Israel's foreign minister calls attempts to reach a ceasefire with Hamas a mistake and urges Israel instead to oust the organisation from the Gaza Strip.
Israelis split over proposed ceasefire with Hamas in Gaza Strip
TEL AVIV // Israel's foreign minister yesterday called attempts to reach a ceasefire with Hamas a "grave mistake", saying that Israel should instead try to oust the Islamic movement from the Gaza Strip.
The strong remarks came two days after at least 19 Palestinians were killed during a weekend that marked the worst clashes between Israel and Hamas in more than two years.
"The aim of calm is a grave mistake because calm is used [by Hamas] to smuggle more and more arms," Mr Lieberman told an Israeli radio station yesterday.
Mr Lieberman added that Hamas was increasing its arsenal of powerful rockets and missiles that it then aims on southern Israeli towns and communities, and that are likely to eventually reach Tel Aviv.
Mr Lieberman, the second-most powerful official in Israel's governing coalition, stated that Israel should also work towards eliminating Hamas's presence from Gaza. "Our central aim must be to stop the arms smuggling by Hamas, but a second aim must be to topple the Hamas regime," he said.
Mr Lieberman's comments emerged just as Gaza and southern Israel appeared calm yesterday as United Nations and Egyptian mediators worked to negotiate a truce. While Israel's foreign minister does not typically determine the country's approach on military issues, his party is a key member of the ruling coalition and is likely to use its power to influence security policy. Mr Lieberman's stance reflects a growing debate within the government about how to curtail rocket fire from Gaza.
Yesterday, Mr Lieberman's statements were echoed by several other ministers from his far-right Yisrael Beitenu party. National Infrastructure Minister Uzi Landau said that Israel "should have finished off the job in Operation Cast Lead", referring to the three-week offensive that Israel launched in December 2008-January 2009, in which about 1,400 Palestinians were killed, including many civilians.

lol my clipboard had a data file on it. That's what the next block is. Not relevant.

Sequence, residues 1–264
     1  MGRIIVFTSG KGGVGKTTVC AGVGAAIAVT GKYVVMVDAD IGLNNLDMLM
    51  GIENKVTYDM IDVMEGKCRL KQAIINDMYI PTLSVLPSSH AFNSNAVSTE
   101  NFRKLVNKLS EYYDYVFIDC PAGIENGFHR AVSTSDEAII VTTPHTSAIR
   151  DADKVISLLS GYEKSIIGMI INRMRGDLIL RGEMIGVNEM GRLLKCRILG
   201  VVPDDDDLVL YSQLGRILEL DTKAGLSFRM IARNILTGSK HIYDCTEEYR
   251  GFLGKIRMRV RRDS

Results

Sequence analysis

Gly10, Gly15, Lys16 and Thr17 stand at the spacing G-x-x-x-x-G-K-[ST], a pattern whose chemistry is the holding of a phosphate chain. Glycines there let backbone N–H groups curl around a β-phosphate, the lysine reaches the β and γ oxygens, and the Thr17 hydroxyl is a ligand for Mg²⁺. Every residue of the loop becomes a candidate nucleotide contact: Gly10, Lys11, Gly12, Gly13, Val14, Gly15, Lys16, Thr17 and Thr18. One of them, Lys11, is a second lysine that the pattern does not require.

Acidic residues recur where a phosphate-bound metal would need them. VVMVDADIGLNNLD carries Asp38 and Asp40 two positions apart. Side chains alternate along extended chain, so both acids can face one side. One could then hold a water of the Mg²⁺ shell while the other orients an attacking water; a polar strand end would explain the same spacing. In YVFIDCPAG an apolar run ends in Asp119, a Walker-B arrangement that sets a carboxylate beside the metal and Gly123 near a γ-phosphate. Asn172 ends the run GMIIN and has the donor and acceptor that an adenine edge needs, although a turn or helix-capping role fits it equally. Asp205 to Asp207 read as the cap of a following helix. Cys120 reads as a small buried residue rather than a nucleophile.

Nevertheless, Benjamin Netanyahu, the Israeli prime minister, has indicated that Israel would prefer to act with restraint in Gaza, possibly amid concern that civilian casualties caused by Israeli attacks may draw condemnation from abroad at a time that Israel already faces international criticism for its settlement expansion.
Speaking to his cabinet during a weekly meeting on Sunday, the premier said that Israel intends to "restore the quiet" if Hamas does the same, but warned that the army's response would be "much more severe" if attacks from Gaza continue.
The apparent disagreement between Mr Lieberman and Mr Netanyahu on Israel's Gaza strategy emerges as the two politicians battle to draw more hard-line supporters to their respective parties amid a right-wing shift in the Israeli electorate.
Analysts have said that Mr Lieberman has long vied for the premiership, and may become a candidate for the post in the next election that is scheduled for next year.
In his radio interview, Mr Lieberman said that the agreement that his party had signed with Mr Netanyahu's Likud movement in order to join the coalition stated that the government will work to overthrow the Hamas regime in Gaza. He also indicated that the differences over Gaza would not prompt him to exit the government.
"We are going to do what was agreed upon," he said in his radio interview. "We know how to get what was in the agreement and what we signed with the Likud without threats and without crises."
He added that the relative calm on the border between Israel and Gaza since Israel's onslaught had been used by Hamas to rearm itself with more sophisticated rockets and build up its fighting forces.
The latest clashes last weekend were sparked after a rocket fired by Gaza militants hit an Israeli school bus last Thursday, seriously injuring a 16-year-old boy. The Israeli military said that Hamas and other Gaza militants fired more than 130 rockets into its territory since Thursday in response to Israeli retaliatory air raids that have killed more than 19 Palestinian militants and civilians.
While Hamas has claimed responsibility for Thursday's strike, it said that it did not know that the bus carried children and that its rockets lacked the technology to avoid civilian casualties.
On Sunday, Hamas made a rare appeal to convey to the Israeli public that it is seeking a truce, telling a state-run Israeli radio station that the group would be prepared to halt strikes.
Ghazi Hamad, deputy foreign minister of Hamas, said in Hebrew, which he learnt during the time he had spent in an Israeli prison: "We are interested in calm but want the Israeli military to stop its operations."
Other officials from Hamas have been quoted by news agencies as saying they were in contact with mediators to discuss how to restore calm.